The Real People Behind Memes Describe How They Felt When Their Image Went Viral

It's easy to forget that the memes we see everyday actually feature real people. They have families, friends, and careers to protect. Most of the time, meme subjects don't even plan to take a hilarious picture; it just happens. They're not looking for fame or celebrity status, they just want to live comfortably. Social media is ever-evolving, though. Once a meme goes viral, nothing can stop it. The people who those memes vilify, mock, and sometimes applaud become legends. They're added to the to museum of pop culture history.

Some people tolerate their new statuses; other people loathe fame and visibility. But at least the people behind the memes have an opportunity to share their stories with the world. They were unwillingly thrust into the spotlight, but they've left indelible impressions. In fact, these meme subjects have made the interweb a much more hilarious place. 


  • College Freshman Didn't Mind His Fame

    College Freshman Didn't Mind His Fame
    Photo: Wikimedia Commons / CC-BY

    Griffin Kiritsy was an average college freshman when he was asked to do a Reader's Digest interview and photo shoot about his college experiences. Reddit users found one of the resulting photos and deemed Kiritsy the quintessential college freshman - hopelessly lost and terminally naive. Kiritsy wasn't horrified by the experience, though. He noted:

    "It’s a weird experience. At first it wasn't a big deal, but now people are coming up to me and are like, 'Hey, you're that guy.' It's really awkward [but] I plan on being the College Freshman until I die."

  • Hipster Barista Wasn't Thrilled About Those Coffee Jokes

    The Hipster Barista, Dustin Mattson, really was a barista. He was an incredibly talented barista, too, placing incredibly well at multiple nationwide barista competitions. Given his serious approach to the job, it wasn't terribly surprising that Mattson didn't find much humor in the meme that made him famous. He said:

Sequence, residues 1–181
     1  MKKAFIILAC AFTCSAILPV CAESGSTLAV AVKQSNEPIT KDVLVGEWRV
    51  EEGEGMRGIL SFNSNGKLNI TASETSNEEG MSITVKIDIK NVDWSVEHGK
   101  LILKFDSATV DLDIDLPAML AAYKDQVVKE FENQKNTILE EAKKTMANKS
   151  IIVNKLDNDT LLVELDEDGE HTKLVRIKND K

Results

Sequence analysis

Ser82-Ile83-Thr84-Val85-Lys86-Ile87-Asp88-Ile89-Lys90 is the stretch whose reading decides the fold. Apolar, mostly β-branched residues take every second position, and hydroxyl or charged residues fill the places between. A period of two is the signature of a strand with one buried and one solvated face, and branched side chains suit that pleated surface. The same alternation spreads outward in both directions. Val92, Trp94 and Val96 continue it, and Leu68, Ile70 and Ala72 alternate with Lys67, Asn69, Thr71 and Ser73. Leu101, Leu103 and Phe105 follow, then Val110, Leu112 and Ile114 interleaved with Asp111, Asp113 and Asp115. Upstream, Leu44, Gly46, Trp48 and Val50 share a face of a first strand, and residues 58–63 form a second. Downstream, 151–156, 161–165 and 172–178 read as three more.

"I do find it discouraging and disappointing that there was so much exposure brought to an attempt at making a joke of a culinary industry and the professional barista. To me, it's very telling on how we laud farm-to-table food, craft beer, cocktail mixology, but it's ok to have no respect for the specialty coffee world and the people who are committed to it."

  • Sheltering Suburban Mom Wasn't Cool With The Bigotry In Her Memes

    Sheltering Suburban Mom Wasn't Cool With The Bigotry In Her Memes
    Photo: Metaweb / CC-BY

    Romance novel author Carly Phillips became a meme and she did not appreciate it one bit. One of her photographs was appropriated and made into the Sheltering Suburban Mom meme. She was portrayed as a stern, overprotective, and sometimes racist soccer mom. Understandably, Phillips challenged the racist remarks, noting:

    "I never want anyone who sees it to think that I, the real mom/person… believes any of that stuff, especially the derogatory, inflammatory, prejudiced things in there."

  • The Skateboarding Professor Was Confused

    When college professor Dr. Thomas Winter was photographed riding his skateboard to class, the image went viral. Winter became a certified meme star. The professor, who retired in 2013, didn't really understand the meme phenomenon or the slang language used online, though. Winter thought that the term "meme" came "from the book The Selfish Gene by British evolutionary biologist Richard Dawkins."

  • Success Kid's Success Helped Raise Money For His Father's Kidney Transplant

    Success Kid's Success Helped Raise Money For His Father's Kidney Transplant
    Photo: Metaweb / CC-BY

    One of the most popular and widely-posted memes featured Success Kid, the toddler who shook a determined fist at the camera. His real name is Sammy Griner, and his mother Laney took the famous photo during a family beach trip in 2007. The boy wasn't even one year old. 

    Laney wasn't exactly pleased when her image went viral. She said:

    "I was not at all happy when I first saw it. Sammy was still a baby then and it felt like a violation... Around the summer of 2009 I was beginning to understand the concept of memes a bit more when I first saw my photo used as a Success Kid meme. That changed my perspective entirely."

    However, when Sammy's dad needed a kidney transplant, the Success Kid meme helped the family raise more than $100,000 for the operation.

  • Senior Freshman Enjoyed Her Stardom

    Senior Freshman Enjoyed Her Stardom
    Photo: flickr / CC0

    Nola Ochs died in 2016 at the age of 105, but she became the world's oldest college graduate, first. Oh, and she became a globally-recognized face when a snapshot of her participating in lecture went viral. Ochs was portrayed as an elderly but all-knowing student with an extensive knowledge of history because, well, she lived through a lot of it.

    Ochs seemed content with the unusual fame she'd acquired and was even writing a memoir. She joked, "Maybe I’ll use that picture of me on the cover!"